In the work place setting, some of the tensions you may experience are situations such as;• Staff members may have raised issues several times to their line manager without the issues being addressed or resolved, which could lead to staff losing faith in protocol or policy. This could also lead on to staff going with the ‘norm’ and the practice being considered acceptable.• Staff could feel disloyal towards their colleagues or friends and live with fear of being alienated or losing a friendship.• Staff may find themselves being bullied or victimised by the offenders.
As a result, they may rather keep the misconduct to themselves rather than reveal the information.• A Staff member could feel powerless to raise the issue with their line manager and may not be aware of additional people they can express their concerns to.• If matters, previously addressed had not yet been resolved, then new staff may perhaps start working for the company and be under the belief that the practice they are witnessing is acceptable.• Staff could be afraid of reporting possible misconduct as they fear they could lose their jobs.• Staff may not have the training and knowledge to identify what constitutes as misconduct.
They may not be aware of the laws and legislations. With some of these situations in mind, we must then realise the tensions that may arise, however it remains paramount that staff are aware that whistle blowing and breaking confidentiality is a legal requirement of the Public Disclosure Act 1998. If a staff member was to approach me to discuss information that I thought suggested a service user or another member of staff was at risk of any type of abuse, I would accompany the staff member into the office where we could speak in private. I would do everything I could to keep them settled and calm. I would reassure them that they are doing the right thing. I would thank them for coming forward.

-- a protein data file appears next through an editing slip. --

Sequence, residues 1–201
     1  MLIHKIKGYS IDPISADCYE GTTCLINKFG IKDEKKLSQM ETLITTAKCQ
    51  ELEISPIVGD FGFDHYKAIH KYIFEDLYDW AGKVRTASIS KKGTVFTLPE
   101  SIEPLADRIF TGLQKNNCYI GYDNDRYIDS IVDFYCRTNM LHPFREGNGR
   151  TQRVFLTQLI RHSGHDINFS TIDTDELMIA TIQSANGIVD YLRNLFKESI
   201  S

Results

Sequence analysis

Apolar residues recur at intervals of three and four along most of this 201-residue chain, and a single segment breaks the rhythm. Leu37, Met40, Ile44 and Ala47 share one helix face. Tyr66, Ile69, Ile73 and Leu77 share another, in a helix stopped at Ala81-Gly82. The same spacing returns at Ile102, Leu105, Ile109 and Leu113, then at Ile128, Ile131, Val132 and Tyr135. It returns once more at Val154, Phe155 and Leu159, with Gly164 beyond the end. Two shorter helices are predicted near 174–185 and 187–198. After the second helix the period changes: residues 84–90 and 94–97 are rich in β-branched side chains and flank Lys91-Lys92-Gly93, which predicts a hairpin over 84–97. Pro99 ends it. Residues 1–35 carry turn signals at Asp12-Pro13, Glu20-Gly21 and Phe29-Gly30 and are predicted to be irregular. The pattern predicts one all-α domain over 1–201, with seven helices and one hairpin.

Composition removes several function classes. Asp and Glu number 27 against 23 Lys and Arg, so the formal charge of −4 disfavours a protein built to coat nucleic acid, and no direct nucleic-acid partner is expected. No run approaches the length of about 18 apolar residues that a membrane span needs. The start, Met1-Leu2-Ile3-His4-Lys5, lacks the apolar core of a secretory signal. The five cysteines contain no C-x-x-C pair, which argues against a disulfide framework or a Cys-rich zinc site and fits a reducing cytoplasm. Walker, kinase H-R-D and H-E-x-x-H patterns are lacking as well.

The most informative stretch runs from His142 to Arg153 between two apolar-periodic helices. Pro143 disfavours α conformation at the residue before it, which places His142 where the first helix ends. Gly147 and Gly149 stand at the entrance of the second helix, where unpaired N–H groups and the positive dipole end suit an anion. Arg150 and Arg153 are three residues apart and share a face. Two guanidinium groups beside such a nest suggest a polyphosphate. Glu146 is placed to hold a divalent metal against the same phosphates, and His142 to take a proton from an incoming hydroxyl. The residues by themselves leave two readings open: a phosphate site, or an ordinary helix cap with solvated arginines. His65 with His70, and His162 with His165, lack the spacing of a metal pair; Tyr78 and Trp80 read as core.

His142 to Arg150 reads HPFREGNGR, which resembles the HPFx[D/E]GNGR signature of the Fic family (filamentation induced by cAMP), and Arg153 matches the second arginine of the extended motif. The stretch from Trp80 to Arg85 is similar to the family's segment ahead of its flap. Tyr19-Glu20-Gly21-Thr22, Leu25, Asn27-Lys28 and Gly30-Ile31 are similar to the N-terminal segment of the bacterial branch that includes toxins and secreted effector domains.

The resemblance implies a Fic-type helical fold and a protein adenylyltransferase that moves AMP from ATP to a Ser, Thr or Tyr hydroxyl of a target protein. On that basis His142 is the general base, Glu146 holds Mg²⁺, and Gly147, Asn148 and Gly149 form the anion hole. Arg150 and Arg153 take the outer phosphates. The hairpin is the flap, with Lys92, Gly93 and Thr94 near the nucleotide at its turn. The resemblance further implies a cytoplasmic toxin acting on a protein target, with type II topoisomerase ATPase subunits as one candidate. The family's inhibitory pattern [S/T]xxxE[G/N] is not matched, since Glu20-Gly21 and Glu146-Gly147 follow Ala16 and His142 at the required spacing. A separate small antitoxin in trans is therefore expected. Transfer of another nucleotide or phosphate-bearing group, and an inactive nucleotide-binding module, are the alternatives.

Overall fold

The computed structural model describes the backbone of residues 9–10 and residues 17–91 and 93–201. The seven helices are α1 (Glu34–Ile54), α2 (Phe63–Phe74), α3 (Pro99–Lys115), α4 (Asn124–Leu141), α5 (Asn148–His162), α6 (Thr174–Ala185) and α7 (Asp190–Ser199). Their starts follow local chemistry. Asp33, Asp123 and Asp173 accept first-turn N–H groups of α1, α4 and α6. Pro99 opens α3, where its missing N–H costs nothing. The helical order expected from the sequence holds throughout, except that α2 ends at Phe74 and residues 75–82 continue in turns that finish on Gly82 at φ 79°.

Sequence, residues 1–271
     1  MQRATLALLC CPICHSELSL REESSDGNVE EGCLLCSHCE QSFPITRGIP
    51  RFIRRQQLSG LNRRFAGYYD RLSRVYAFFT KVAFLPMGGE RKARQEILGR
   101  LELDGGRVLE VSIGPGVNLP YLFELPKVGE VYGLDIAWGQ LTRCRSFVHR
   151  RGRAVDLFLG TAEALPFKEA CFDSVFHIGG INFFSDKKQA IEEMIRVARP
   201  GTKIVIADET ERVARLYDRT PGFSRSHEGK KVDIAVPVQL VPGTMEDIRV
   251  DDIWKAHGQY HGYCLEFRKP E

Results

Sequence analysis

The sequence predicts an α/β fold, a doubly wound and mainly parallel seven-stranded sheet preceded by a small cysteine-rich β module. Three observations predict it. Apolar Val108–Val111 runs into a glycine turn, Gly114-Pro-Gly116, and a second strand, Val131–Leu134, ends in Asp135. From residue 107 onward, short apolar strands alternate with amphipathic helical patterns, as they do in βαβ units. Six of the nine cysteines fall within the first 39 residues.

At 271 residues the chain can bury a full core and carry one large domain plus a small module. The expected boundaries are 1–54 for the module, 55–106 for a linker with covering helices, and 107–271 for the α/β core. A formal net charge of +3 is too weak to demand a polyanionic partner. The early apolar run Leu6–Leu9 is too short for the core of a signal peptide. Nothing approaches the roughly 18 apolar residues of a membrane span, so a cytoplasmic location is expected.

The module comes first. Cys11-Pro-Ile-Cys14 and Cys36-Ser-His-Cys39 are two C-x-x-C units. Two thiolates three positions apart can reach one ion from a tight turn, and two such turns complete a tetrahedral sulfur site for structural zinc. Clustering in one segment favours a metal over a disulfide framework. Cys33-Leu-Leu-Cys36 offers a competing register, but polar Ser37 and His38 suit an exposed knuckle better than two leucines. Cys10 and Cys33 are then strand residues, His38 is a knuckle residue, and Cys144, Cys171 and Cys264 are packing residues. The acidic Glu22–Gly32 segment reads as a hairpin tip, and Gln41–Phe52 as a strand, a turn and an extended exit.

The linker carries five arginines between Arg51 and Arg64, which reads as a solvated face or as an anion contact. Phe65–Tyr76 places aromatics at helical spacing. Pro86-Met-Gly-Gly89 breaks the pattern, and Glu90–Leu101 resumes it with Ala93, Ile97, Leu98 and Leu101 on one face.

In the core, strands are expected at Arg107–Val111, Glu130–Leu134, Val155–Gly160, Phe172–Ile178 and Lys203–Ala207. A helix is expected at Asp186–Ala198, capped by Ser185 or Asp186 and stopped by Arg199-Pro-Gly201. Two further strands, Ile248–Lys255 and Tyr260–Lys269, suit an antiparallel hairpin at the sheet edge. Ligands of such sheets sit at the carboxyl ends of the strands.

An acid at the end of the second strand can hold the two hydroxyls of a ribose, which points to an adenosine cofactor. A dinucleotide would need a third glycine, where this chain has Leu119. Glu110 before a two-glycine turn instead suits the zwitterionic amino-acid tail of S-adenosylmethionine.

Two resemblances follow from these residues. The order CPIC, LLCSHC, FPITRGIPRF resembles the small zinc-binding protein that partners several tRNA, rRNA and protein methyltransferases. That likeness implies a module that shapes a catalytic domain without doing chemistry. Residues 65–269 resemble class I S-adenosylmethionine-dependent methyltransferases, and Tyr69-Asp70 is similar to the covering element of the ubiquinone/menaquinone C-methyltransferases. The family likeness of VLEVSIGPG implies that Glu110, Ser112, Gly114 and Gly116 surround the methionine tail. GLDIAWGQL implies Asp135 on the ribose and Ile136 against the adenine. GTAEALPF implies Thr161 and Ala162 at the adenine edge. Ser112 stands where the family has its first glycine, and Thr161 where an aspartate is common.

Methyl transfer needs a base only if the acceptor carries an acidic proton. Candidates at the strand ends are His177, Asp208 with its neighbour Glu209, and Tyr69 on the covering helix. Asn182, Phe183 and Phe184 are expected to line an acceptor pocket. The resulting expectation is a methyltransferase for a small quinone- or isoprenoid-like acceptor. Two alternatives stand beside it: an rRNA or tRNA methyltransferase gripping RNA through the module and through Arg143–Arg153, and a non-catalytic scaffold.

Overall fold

I would inform them that everything they have said to me would be treated with the upmost confidence. I may however have to inform the relevant people of the information, depending on the situation. I would then begin to document all the factual information, including time, date and names. I would also list the context of the information they are relaying, was it in person? Was it over the phone? Is it documentation based?Once I had finished the written information I would place it in a folder and lock the document away in a filing cabinet to ensure confidentiality.
I then, may have to telephone the related people and inform them that I have been made aware of a situation, If it was thought to be a safe guarding incident then I would insist that we continue the conversation in person, unless there is no alternative.Depending on the actual case, I would put in to place a robust action plan to investigate the situation to eventually get to the root as soon and as safely as possible. Ensuring I protect all those involved as much as possible as I proceed.